Unlike fears, phobias more commonly develop in adulthood. Childhood fears become the foundation for lifetime limiting beliefs, and we can usually identify their sources. Phobias, however, develop from a mostly unknown primary cause, and we are aware that phobic reactions are irrational and have no conscious onset. They are also associated with very common experiences. Phobias develop through association, rather than cause/effect. For example, a phobia of butterflies, which do not pose an actual threat or danger of harm to people, could have developed by just being present in the environment at a moment when we are extremely suggestible. Trauma that is recent or concurrent to the phobic even, such as abuse or bereavement, can cause extreme suggestibility, especially during a moment when our blood sugar levels are quite low, exacerbating symptoms of anxiety or depression.

Some Common Fears (sometimes phobias)

Public speaking/performance
Rejection
Failure/success
Responsibility
Loss
Pain
Dying/death
The unknown/unfamiliar
Strangers
Closed/open spaces
Water
Intimacy
Blood
Loss of control
Sexual performance
Homosexuality
Flying
Heights
Whereas fears and phobias tend to have specific triggers and conditions, the experience of anxiety is more pervasive and general. Its causes are much more complex and usually deeply-rooted, so treatment of anxiety is also more complex and much longer.

 

Failure to Launch

A growing number of people are finding themselves in the position of graduating high school, college, or graduate school and feeling overwhelmed by anxiety, faced with looming, massive student debt, or even just daunted by the number of variables involved in making a career decision. Also contending with a difficult economy.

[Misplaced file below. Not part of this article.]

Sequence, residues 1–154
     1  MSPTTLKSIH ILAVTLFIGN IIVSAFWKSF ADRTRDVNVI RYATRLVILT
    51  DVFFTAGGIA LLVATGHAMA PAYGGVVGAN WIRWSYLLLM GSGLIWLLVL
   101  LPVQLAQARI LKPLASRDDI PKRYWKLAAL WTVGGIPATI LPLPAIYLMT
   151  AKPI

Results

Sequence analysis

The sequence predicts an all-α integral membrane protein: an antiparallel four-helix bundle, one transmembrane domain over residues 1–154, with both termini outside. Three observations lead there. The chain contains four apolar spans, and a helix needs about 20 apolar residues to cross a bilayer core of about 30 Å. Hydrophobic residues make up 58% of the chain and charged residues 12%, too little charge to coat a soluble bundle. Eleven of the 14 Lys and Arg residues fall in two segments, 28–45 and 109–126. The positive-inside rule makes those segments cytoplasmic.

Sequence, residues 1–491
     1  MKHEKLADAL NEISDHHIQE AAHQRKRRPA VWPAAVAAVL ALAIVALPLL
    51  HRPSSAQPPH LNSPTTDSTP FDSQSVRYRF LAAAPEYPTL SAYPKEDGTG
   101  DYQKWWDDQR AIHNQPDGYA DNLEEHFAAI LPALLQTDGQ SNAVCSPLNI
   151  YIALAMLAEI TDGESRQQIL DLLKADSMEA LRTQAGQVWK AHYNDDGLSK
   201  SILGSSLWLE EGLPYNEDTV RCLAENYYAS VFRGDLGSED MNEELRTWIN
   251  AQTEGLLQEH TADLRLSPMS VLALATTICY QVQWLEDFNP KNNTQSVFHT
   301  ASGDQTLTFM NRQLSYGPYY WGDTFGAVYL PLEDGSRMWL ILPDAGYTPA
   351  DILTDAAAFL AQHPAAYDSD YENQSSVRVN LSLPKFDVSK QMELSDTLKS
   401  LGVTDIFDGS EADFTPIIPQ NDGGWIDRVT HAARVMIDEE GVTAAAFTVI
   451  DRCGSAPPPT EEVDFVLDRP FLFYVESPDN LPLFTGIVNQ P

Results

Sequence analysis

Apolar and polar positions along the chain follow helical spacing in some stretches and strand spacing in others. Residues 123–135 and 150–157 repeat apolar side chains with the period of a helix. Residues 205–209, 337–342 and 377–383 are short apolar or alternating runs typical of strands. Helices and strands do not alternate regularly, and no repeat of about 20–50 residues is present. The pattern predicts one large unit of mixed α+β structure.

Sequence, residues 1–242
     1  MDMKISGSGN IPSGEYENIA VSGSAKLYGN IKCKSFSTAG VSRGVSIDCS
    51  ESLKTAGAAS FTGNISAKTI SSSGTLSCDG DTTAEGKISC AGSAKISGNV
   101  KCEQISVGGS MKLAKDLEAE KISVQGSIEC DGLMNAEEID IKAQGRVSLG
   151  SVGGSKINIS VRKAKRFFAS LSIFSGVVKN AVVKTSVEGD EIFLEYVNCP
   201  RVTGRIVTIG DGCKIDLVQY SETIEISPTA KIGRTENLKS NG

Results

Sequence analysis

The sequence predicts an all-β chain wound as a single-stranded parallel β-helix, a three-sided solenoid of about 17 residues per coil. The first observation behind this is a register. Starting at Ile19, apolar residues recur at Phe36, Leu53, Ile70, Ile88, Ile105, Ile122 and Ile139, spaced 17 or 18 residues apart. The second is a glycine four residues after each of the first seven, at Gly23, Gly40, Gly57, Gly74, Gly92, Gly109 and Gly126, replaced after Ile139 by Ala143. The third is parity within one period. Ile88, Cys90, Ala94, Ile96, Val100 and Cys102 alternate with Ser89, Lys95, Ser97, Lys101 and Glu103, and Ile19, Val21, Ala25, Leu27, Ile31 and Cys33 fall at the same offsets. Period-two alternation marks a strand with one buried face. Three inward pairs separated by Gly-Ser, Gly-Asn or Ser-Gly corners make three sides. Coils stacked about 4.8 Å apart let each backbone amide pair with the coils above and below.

We are seeing increasing competition for college acceptance, increasing expectations of students (and parents) and from increasingly younger ages. These create more opportunity to feel overwhelmed, to feel like we don’t measure up, to feel like a failure.

There’s also the influence of our current culture of immediate gratification. When all of us have such easy access to so much, it can subtly create unconscious, sometimes conscious, expectation that we should get want with little effort. This is especially true for those of us young enough to have had the internet from our formative years. Tolerance for frustration is decreasing, while also having growing frustration that their efforts yield insufficient results. Especially since, within our internet/reality tv culture, there are some who experience overnight fame and money, sometimes for no legitimate reason and with little effort, or so it seems.

Some factors that affect one’s sense of security and certainty about the future:

  • Shifts in technology
  • Shifts in economy
  • Shifts in the political climate, growing political unrest
  • More frequent career changes within one’s lifetime, even simply transferring locations while in the same line of work.
  • Rising divorce rates